Have any questions? Live chat

Writing Blog

Avoiding Bias in Writing: Essentials

November 30, 2020| Category: Writing Tips

It may be extremely complicated to avoid being biased while writing. It is worth noting that bias is defined as an inclination or tendency for a person to hold a specific outlook or take peculiar judgments concerning any topic. Thus, how are you capable of recognizing bias and what should be done to avoid it in your own writing? We would like to focus on the general principles on composing about different people as well as their personal traits without bias.

Specific Emphasis on Relevant and Important Characteristics

It is recommended to be mindful and reasonable in describing or presenting only relevant and specific characteristics. Though it is possible to indicate or dwell on a person’s disability, age, gender identity, racial, ethnic, cultural or religious identity, participation in research, socioeconomic status, sexual orientation, or other features or traits without bias, it is not always needed to include all this info in your work or project. For a more thorough discussion of participants’ characteristics to dwell on in your works, refer to the journal article reporting standards for qualitative or quantitative studies. For instance, you would be unlikely to indicate sexual orientation of the participants in the study devoted to cognition as this aspect is irrelevant to cognition. However, you would prefer to state gender of the participants in the study on stereotype threats as gender is closely relegated to the examination and explication of stereotype threats. Furthermore, there can be multiple relevant features to discuss or focus on in your research; whenever this is the case, you should try to address all the ways in which these characteristics under analysis intersect, as needed.

Indicate Relevant and Key Differences that Are Evident

Writing without bias implies not only recognizing essential differences that ought to be mentioned only whenever relevant but also making specific emphasis on relevant and significant differences in case they are obvious. Try evaluating the meaning of the terms “difference” in reference to the target group, not the dominant one. For instance, the researcher who aims to generalize the research results to people or students in general is to assess and report on whether the sample under study differs from the target group and, if so, indicate how it is different.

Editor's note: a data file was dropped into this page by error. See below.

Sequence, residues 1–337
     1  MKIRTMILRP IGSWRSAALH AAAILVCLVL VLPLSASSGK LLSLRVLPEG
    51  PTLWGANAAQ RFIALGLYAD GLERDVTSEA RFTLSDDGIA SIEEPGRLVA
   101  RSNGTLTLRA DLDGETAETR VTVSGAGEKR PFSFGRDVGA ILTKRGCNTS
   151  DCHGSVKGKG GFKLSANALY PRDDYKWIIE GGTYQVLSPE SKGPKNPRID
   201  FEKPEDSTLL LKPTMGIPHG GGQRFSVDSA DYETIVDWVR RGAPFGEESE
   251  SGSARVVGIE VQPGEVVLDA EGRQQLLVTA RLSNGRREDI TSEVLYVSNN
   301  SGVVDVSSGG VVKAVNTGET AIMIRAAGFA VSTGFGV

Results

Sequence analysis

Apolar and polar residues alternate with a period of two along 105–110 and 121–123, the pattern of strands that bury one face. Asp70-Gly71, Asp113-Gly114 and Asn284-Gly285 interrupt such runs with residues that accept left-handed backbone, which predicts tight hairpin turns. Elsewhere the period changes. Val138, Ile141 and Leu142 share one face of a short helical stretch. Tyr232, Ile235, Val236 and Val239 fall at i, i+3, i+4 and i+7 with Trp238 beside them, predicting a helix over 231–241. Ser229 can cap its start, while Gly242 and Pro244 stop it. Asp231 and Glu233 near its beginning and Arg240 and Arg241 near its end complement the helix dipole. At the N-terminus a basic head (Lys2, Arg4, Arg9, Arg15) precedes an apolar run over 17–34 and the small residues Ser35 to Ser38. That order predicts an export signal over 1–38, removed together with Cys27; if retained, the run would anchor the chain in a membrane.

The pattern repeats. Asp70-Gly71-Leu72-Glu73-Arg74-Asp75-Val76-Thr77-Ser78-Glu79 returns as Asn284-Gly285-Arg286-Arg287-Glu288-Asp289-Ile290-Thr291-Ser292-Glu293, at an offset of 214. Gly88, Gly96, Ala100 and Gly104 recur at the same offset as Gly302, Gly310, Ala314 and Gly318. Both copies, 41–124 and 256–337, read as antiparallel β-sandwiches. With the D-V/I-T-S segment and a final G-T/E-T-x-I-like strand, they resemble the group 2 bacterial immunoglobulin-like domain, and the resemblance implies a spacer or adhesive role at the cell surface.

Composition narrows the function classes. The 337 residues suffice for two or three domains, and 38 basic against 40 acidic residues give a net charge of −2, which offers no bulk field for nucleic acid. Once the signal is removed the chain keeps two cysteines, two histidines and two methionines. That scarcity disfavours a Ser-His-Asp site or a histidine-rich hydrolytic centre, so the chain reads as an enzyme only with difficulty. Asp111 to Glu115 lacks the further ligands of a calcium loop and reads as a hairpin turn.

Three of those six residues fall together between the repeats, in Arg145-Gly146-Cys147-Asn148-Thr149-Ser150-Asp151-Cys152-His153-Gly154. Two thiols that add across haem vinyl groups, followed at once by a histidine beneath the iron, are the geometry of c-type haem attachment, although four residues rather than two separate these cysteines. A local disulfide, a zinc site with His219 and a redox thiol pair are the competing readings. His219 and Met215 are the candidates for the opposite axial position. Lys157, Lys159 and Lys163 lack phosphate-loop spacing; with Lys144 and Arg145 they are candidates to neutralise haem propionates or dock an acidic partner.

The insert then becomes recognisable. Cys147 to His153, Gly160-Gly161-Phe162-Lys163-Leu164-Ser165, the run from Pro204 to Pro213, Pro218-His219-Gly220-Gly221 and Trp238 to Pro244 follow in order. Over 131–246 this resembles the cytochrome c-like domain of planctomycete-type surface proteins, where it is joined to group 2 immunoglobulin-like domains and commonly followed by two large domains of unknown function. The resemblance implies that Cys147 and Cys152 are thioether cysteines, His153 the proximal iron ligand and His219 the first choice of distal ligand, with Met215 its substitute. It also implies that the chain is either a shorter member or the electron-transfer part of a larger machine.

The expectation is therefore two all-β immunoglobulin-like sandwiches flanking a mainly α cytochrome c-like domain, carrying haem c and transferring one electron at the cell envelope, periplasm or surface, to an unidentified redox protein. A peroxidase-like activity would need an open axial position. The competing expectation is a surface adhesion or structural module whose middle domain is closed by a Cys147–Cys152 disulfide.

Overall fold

Try to Be Specific, Clear and Precise

After you have established which essential characteristics you are going to highlight, choose scientific terms. Consider that the choice of the terms depends on the research question(s) and the current state of knowledge in a specific field. Avoid mentioning characteristics or traits gratuitously. However, whenever in doubt, try to be more specific and reasonable rather than less, as it is simpler to aggregate the data available than to disaggregate it. Take into consideration the appropriate and sound level of specificity in the research process in advance – such as while designing the research – as it may be impossible to collect more data once the research is underway or completed. Utilizing specific terms can improve the readers’ ability to comprehend the generalizability of the research findings indicated by you and other researchers’ ability to apply your data in the future meta-analysis or further replication.

Vivid Examples of Specificity Based on Topics

We provide examples of the specific language use for the topics presented in the following bias-free language guideline; as indicated earlier, the proper choice usually depends on the situation, and our examples illustrate just some of the options possible.

Whenever composing on age, age ranges or ages (e.g. 20–25 years old, 60–85 years old) are considered more specific and clear than broad ones (e.g. over 20 years old, over 60 years old). Moreover, indicate the age mean and median besides mentioning the range of ages so as to increase the specificity of your project.

Whenever writing about disability, the names of specific conditions or syndromes (e.g. Alzheimer’s disease or Lucey–Driscoll syndrome) are considered more specific than other categories of conditions or states (e.g. types of dementia) or generally applied references, including  such as “disabled people”.

Whenever writing on gender identity, it is recommended to use descriptors with modifiers (e.g. trans-gender woman or cisgender woman), which are considered more specific than average descriptors without any modifiers (e.g. woman) or general non-gendered terms (e.g. people, person, individual, individuals, population, etc.). Refer to the bias-free language for gender as well as for how to differentiate between sex and gender).

Whenever writing on people that participated in research, the terms indicating the context of the study (e.g. patients, customer, clients, participants, respondents, etc.) are more specific than generally used terms (e.g. children, people, women, men, or human).

Whenever writing on racial, ethnic or minority groups, the region or nation of origin (e.g. Mexican Americans, Chinese Americans, African Americans, Japanese Americans) is more specific than the generalized name or origin (e.g. Latin Americans, Asian Americans).

Whenever writing on socioeconomic status, the income ranges or certain designations (e.g. below the state poverty threshold for the family of five) are more specific than the generalized labels (e.g. low or high income).